means for producing a color space representation, based on hue and saturation, of the captured image of the region;
means for increasing the saturation of the representation while keeping the hue constant; and
means for displaying or printing the saturation-increased representation.
11. The apparatus of claim 10 in which said means for producing a color space representation includes means for recording an R-G-B representation of an image of the region.
12. The apparatus of claim 11 in which said means for producing a color space representation includes means for transforming the R-G-B representation into an H-S-I representation of the image.
13. The apparatus of claim 12 in which said means for increasing the saturation includes means for increasing the saturation of each point in the representation to 100%.
Description

This application is a continuation-in-part of copending U.S. application Ser. No. 509,039, filed Apr. 13, 1990, titled "Apparatus and Method for Monitoring Surfaces of the Body," which is a continuation-in-part of copending U.S. application Ser. No. 337,304, U.S. Pat. No. 5,016,173 filed Apr. 13, 1989, titled "An Improved Apparatus and Method for Monitoring Visually Accessible Surfaces of the Body" (issue fee paid Jul. 24, 1990).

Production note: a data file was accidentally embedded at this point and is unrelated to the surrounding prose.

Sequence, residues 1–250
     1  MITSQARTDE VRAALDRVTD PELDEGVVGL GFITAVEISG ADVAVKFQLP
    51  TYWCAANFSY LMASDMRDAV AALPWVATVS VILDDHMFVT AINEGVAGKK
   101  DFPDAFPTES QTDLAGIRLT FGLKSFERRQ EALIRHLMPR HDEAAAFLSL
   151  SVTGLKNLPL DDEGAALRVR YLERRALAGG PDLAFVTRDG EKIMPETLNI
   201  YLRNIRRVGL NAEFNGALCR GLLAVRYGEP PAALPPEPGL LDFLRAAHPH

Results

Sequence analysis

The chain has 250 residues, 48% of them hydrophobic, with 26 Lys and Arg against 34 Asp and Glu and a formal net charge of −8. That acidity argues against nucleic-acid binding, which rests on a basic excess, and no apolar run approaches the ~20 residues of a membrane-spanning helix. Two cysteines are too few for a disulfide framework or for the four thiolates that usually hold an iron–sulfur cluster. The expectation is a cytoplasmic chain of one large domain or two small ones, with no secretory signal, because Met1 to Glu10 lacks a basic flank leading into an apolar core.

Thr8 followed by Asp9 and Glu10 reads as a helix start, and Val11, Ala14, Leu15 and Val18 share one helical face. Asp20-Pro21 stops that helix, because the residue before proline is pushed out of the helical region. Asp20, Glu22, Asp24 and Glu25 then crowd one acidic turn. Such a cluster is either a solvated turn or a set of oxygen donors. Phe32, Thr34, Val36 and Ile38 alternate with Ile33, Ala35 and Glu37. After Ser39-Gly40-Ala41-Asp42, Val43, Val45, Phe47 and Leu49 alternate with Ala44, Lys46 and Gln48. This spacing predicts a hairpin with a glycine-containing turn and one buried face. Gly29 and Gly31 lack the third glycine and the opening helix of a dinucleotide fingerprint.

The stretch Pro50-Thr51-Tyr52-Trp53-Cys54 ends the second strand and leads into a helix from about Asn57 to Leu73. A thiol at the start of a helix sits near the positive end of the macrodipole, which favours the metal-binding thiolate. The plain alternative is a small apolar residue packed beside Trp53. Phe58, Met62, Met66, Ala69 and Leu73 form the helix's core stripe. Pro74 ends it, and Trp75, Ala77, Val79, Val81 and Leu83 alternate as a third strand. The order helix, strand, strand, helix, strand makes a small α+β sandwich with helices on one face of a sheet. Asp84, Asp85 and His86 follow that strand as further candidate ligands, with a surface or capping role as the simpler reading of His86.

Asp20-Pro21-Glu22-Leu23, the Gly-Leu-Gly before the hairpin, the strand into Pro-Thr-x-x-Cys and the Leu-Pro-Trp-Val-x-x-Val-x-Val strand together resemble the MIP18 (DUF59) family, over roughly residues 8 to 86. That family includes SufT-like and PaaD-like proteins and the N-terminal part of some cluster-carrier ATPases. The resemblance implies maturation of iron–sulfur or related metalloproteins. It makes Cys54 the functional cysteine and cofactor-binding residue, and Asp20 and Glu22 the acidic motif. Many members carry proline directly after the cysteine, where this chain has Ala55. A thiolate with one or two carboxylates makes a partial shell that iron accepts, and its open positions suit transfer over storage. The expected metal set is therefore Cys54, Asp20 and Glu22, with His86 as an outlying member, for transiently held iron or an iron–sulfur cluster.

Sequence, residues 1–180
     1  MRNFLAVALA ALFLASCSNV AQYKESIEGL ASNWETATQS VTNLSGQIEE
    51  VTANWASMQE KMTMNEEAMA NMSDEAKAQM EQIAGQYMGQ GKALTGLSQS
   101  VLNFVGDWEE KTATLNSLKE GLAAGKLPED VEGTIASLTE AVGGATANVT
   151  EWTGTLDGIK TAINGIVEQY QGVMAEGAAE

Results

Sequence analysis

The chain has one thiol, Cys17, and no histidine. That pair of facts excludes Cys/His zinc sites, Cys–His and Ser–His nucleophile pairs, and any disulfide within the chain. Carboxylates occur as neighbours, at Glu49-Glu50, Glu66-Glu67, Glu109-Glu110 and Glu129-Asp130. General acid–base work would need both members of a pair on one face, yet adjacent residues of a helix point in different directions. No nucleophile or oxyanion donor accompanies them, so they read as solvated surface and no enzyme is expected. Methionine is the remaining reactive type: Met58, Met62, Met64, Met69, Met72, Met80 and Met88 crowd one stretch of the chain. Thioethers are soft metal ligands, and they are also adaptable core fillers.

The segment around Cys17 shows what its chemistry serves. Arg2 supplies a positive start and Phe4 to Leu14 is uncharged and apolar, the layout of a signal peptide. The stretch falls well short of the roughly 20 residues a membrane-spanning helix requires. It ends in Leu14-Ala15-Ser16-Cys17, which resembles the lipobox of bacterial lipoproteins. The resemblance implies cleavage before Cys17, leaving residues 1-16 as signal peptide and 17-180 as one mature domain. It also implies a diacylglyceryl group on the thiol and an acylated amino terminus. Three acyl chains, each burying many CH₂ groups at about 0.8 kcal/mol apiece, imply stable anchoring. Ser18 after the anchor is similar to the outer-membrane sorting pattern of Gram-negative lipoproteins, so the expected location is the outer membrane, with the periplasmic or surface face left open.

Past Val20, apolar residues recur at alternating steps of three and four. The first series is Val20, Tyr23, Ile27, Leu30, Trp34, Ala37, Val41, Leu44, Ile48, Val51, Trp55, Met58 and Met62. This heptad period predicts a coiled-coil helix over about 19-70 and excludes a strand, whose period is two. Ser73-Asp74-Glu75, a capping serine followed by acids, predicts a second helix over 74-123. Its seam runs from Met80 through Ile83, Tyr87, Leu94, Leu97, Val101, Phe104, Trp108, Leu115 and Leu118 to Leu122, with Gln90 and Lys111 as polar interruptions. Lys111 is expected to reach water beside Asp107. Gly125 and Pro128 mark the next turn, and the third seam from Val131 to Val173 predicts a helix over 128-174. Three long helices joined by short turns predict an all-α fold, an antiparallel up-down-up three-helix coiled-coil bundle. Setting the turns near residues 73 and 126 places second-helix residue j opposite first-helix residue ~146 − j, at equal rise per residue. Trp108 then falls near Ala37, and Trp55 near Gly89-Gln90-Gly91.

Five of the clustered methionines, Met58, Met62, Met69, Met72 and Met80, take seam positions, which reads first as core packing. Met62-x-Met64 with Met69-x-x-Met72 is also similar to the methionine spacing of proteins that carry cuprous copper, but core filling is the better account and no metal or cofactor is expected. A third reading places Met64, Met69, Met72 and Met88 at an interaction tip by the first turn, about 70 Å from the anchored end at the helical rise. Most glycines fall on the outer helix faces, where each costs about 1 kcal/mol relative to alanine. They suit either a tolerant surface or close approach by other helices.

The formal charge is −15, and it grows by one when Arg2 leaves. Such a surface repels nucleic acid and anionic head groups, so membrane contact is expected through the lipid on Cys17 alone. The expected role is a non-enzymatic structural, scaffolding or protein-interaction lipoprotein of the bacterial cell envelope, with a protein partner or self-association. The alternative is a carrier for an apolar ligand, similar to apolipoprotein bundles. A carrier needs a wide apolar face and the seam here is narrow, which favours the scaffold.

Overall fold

BACKGROUND OF THE INVENTION

This invention relates to an improvement in the apparatus and method for monitoring surfaces of the body disclosed in copending applications Ser. Nos. 509,039 and 337,304, which are hereby incorporated by reference. The invention particularly relates to preprocessing of images as described on pages 26-29 of Ser. No. 509,039 and on pages 22-24 of Ser. No. 337,304, U.S. Pat. No. 5,016,173 and more particularly to color transforms of images as described therein.

SUMMARY OF THE INVENTION

The invention is a method and apparatus for spectrally-enhancing a color image, particularly when adapted for monitoring a region of a surface of a person's body, the method including recording a color image of the region, increasing the Saturation value of each pixel in a Hue-Saturation-Intensity (H-S-I) representation of the image, and displaying the resulting spectrally-enhanced image.

The recorded image may be a non-H-S-I color image, in which case the methods include the step of transforming the non-H-S-I image to an H-S-I image. Further, the displayed image may be a non-H-S-I image, in which case the methods include the step of transforming the spectrally-enhanced H-S-I image to a non-H-S-I image.

Conventional recording devices operate in the Red-Green-Blue (R-G-B) color space, and in preferred embodiments, the recorded image is R-G-B and the methods include the step of transforming the R-G-B image to an H-S-I image. Conventional printers and monitors also operate in the R-G-B color space, and in preferred embodiments, the displayed image is R-G-B and the methods include the step of transforming the spectrally-enhanced H-S-I image to an R-G-B image.

The methods of the present invention can optionally further include the steps either of histogram equalizing the Intensity values or of increasing the Intensity values.